Which Frontend Frameworks Work Best with Ruby on Rails?
With more than 100,000 websites built on Ruby on Rails(RoR) it has emerged as one of the most popular development frameworks. On a parallel note with mobile now a linchpin of a enterprise technology environment it is it is important for corporations to evaluate various options while extending there Ruby On Rails application for mobile. In today's increasingly fast-paced world, it is critical that the website or app load time is minimized; especially with slow websites being penalized by Google and responsiveness of a website directly impacting user experience. Even 0.5 second delay in loading of a website or to be known as an app that has too many push notifications will impact the user experience. Developers are also users at the end of the day and display the same behavior when it comes to their area of expertise-web or mobile app development.
Let us look at some of the frameworks that would be most compatible with a Ruby on Rails app:
AngularJS:AngularJS's popularity is definitely not questionable.
It is one of the go-to applications when you are looking to create a relatively smaller application in a short span of time.
Some of the hallmarks of AngularJs is its simplicity in coding and coding speed. One of the biggest advantages of using AngularJs is its process of 'data binding' which essentially allows for the accounting of more than variable, which reduces the need for a developer to intervene in the binding process.Another important aspect of AngularJs is its application prototyping. In significantly lesser time, it is possible to write lesser code and flush out application prototypes, which facilitates the process of user-testing in initial development stages.
One of the major differences in design approaches adopted by AngularJs and Ember is that Ember chooses to adhere to an existing standard, which aligns it better with a Rails framework, both following a similar ideology. Another advantage of using Ember is its relatively safer approach when it comes to developing code. This framework guides developers to adopt best coding practices from around the world which reduces the risk of hurdles such as 'dirty checking'.In comparison to AngularJs, Ember is a more ideal option when you are looking to scale your projects, expanding its feasibility.
ReactNative works on a simple philosophy-ReactiveUI. Reactive UI is essentially a cross-platform model-view-viewmodel framework designed for all. Another significant aspect of this is its composable model, which is defined by the process of writing different UI components and composing them with each other. This is hugely beneficial for those who want to employ re-usable code and engage in cross-platform modelling at the same time.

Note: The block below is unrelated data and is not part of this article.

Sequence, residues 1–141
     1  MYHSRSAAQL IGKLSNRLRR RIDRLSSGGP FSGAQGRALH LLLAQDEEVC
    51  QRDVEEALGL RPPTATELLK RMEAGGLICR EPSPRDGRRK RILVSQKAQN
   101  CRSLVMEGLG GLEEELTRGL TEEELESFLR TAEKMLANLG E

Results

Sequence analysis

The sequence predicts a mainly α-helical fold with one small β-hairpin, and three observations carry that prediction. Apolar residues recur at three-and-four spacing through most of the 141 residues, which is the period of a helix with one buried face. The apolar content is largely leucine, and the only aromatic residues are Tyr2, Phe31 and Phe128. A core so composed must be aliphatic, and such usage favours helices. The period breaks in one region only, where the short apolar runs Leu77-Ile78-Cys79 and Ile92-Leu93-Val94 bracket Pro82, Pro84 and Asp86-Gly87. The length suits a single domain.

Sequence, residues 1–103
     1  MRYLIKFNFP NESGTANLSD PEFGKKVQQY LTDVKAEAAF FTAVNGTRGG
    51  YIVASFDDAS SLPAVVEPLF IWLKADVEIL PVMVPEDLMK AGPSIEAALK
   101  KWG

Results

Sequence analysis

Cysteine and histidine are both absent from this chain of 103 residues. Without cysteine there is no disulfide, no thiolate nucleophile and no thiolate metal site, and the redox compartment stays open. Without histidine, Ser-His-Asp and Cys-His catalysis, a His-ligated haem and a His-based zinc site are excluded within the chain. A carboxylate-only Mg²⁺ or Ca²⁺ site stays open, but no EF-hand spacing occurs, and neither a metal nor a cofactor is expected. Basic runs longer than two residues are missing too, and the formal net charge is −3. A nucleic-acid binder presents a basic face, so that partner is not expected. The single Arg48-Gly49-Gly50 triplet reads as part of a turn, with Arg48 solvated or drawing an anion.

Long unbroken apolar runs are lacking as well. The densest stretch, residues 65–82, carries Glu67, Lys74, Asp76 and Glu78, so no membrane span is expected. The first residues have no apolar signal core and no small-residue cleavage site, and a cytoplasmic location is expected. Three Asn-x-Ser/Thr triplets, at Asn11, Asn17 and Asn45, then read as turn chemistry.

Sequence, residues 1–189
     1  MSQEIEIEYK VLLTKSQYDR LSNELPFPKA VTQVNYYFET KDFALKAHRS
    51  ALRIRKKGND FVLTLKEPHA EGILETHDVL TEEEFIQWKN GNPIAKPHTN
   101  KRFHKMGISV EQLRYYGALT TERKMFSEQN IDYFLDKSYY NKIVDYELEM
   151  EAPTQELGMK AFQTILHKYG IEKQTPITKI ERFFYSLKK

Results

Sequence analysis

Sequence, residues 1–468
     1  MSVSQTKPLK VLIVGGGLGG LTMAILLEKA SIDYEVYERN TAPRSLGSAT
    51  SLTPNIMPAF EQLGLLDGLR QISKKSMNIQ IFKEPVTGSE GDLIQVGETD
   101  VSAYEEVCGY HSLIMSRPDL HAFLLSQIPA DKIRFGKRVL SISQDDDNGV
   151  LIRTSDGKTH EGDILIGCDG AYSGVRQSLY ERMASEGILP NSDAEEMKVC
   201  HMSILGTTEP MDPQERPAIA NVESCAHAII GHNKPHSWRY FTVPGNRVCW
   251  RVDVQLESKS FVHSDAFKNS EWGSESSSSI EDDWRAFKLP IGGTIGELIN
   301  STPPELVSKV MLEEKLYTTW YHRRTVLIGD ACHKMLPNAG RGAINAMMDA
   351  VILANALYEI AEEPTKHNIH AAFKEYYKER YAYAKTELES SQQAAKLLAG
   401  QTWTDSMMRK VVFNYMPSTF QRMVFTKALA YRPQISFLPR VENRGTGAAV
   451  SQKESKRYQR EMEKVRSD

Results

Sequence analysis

Another reason why React.JS has gained popularity over the years, is its ease of code maintainability. Less time on code maintainability means more time spent on creating apps of greater business value. Essentially React does to your front-end what Rails does with your backend, which makes it an almost perfect combination.
When you are looking at your interface as movable components, you are more likely to build an app with a more agile approach which you would see in a web application, however it would have the functionality, consistency and the look of a mobile application.
ReactNative is changing perceptions amongst developers, when it comes to app development. For a long time, hybrid app development has been synonymous with inefficiency and slower time for deployment. With ReactNative bringing in the web-style approach to its app development, a developer is benefitting from the speed and performance of web application development, in the hybrid space.
Which is the better of the three?
There isn't a clear understanding of which framework would work better, they benefit from inherently different design approaches. However, each of them function on the premise of creating an enhanced user experience. If you are looking at simpler coding, AngularJs might be the first pick and Ember might be your best bet if you are looking to create larger projects, with less decision making on your part, as Ember takes the load off of researching and trial-and-error approaches. Reactjs is the lightest weight in comparison to Angular and Ember, It does one thing perfectly and that is rendering UI components.
There are pros and cons to each of the frameworks mentioned and gaining a thorough understanding of each would be crucial. Benefitting from open-sourced frameworks does have its advantages but also carries a certain amount of risk, measuring the amount of risk while choosing a framework would be the right approach to adopt.
Gopiraju M (Masters in CSE) is a full-stack developer at Navtech. He has experience of building over 100+ apps allows him to rapidly architect and design solutions. His ability to explain complex technologies in simple. He has a lot of passion for writing clean code and having a clean deployment/release process. Also, his practical ways have resulted in him becoming a popular speaker at colleges, universities, and conferences.